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Legislators Sent Home


March 26, 2020

Here we are smack-dab in the middle of a legislative session and our legislators are sent home.

The Capitol is currently closed to all legislators and staff until further notice, partly because one state senator and one staffer have tested positive for COVID-19.

But the work goes on.

“My executive assistant was requested last week to take the Senate computer home and is forwarding to me all work that requires my personal attention,” said Sen. Ron Sharp (R-17).” Following normal procedure, a constituent’s email request for assistance can be forwarded to the proper agency for a response. Although with limited staffing, federal and state agencies have been on task in providing responses in a timely manner.”

Before adjourning, Sharp said, the House “enacted rules for that chamber to use remote proxy floor voting. Under their rules only a few Representatives will be required on the floor who can vote for others upon each Representative’s phonein direction.

“As of this date, the Senate has not approved remote proxy floor voting. I anticipate the Senate will approve rules for an alternative to in-person voting on the floor,” he said. “Whatever is decided, it will require the Attorney General’s approval for all alternative voting methods. This is necessary to assure compliance to the Open RecordsOpen Meetings Acts.”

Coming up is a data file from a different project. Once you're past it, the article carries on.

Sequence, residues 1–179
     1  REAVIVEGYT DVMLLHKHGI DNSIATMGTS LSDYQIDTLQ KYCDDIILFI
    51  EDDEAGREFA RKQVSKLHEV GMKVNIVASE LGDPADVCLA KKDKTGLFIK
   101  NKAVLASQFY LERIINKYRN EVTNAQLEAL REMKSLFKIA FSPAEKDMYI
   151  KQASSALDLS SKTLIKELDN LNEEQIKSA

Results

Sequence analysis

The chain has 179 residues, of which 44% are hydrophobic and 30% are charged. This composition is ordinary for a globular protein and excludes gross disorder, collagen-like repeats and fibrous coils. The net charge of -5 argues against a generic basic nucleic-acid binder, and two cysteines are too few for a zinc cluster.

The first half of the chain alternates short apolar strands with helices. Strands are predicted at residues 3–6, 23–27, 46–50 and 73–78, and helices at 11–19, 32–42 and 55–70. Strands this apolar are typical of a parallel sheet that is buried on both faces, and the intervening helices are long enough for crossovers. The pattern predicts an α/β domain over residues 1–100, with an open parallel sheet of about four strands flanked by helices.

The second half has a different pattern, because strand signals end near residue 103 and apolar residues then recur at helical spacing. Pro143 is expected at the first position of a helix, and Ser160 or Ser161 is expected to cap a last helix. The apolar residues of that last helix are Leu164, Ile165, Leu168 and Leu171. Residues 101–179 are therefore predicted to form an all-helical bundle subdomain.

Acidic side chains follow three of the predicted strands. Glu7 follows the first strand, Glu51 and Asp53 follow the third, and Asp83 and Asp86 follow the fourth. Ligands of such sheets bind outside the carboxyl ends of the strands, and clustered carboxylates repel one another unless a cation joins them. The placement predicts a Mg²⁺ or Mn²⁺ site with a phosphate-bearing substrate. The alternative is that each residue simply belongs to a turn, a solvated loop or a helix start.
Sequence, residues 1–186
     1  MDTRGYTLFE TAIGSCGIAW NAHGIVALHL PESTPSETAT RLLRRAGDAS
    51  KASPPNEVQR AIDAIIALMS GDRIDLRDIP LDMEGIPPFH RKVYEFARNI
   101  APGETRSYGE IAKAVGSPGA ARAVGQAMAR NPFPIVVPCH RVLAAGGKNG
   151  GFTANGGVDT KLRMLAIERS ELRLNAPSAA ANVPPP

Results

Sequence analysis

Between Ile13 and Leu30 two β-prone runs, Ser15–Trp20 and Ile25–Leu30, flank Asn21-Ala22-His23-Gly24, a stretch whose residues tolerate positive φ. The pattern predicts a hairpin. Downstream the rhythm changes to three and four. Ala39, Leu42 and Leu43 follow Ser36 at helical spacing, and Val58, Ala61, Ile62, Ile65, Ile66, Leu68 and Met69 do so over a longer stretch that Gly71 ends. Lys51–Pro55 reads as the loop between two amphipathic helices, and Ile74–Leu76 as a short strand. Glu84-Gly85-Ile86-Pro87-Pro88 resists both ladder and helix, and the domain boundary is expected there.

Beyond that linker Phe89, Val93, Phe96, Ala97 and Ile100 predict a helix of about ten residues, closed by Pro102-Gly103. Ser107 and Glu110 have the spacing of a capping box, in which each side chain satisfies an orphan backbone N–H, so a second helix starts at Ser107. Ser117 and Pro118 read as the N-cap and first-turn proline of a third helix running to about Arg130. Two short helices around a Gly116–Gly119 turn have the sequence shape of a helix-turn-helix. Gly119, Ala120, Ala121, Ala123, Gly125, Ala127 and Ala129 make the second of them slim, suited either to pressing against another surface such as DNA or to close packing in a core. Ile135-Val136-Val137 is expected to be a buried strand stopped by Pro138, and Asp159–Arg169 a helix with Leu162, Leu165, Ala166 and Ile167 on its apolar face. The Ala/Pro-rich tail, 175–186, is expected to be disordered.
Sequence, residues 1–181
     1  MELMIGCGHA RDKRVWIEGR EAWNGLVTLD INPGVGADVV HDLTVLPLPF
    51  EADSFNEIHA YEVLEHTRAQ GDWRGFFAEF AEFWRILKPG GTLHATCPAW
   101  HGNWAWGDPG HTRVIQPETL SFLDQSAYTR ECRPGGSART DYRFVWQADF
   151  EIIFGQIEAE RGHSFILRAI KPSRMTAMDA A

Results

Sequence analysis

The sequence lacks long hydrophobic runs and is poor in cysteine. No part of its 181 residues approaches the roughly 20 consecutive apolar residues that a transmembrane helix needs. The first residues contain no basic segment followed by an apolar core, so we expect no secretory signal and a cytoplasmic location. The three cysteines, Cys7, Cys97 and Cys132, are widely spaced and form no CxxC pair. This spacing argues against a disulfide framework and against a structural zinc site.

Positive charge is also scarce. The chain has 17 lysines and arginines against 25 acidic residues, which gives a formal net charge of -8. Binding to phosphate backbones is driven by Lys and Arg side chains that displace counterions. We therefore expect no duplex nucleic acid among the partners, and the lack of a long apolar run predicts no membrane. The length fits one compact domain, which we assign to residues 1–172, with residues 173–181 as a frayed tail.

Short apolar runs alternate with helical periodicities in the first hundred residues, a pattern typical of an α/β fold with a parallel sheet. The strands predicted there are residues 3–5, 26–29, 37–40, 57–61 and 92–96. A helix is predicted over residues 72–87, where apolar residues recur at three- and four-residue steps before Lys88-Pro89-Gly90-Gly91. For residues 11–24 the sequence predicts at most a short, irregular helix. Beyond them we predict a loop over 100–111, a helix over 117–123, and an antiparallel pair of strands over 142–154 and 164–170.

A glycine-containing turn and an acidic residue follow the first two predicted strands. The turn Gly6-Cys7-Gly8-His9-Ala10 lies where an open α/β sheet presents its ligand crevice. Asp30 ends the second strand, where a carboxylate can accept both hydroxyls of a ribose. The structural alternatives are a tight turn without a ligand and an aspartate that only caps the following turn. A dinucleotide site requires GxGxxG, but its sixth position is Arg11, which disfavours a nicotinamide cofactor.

Sharp said the Senate did amend its rules to allow committees to use teleconferencing and subsequent voting.

But the Legislature is constitutionally required to approve a balanced budget. “It is apparent there will be priority to budget bills and most policy bills will be shelved this session,” Sharp said. “It is probable only those policy bills that are considered imperative to the public’s wellbeing and safety will be allowed to proceed.”

The Shawnee senator said emails, texts, and Facebook messaging have been increasing “from constituents wanting health and safety concerns to be the priority of the legislature.

The email advice suggested, “Adjourn as soon as the budget is approved!”

“Constituents have been expressing concern for the future of their children and/or grandchildren in a world of which they now view as uncertain,” Sharp said. “An increasing number of constituent emails have been more direct in expressing the concern for the potential collapse of our nation’s economy unless businesses are allowed to reopen very soon. Constituents realize that shutting down the world’s Number 1 economy will have its consequences.

“Most constituents’ emails are just wanting comforting words of assurance and encouragement from their Senator that we will make it through this crisis,” Sharp said. “I am honored to have had constituents contacting me expressing their confidence and support. You can not imagine just how much I have appreciated their kind words and prayers to our Heavenly Father to provide His divine wisdom to me!”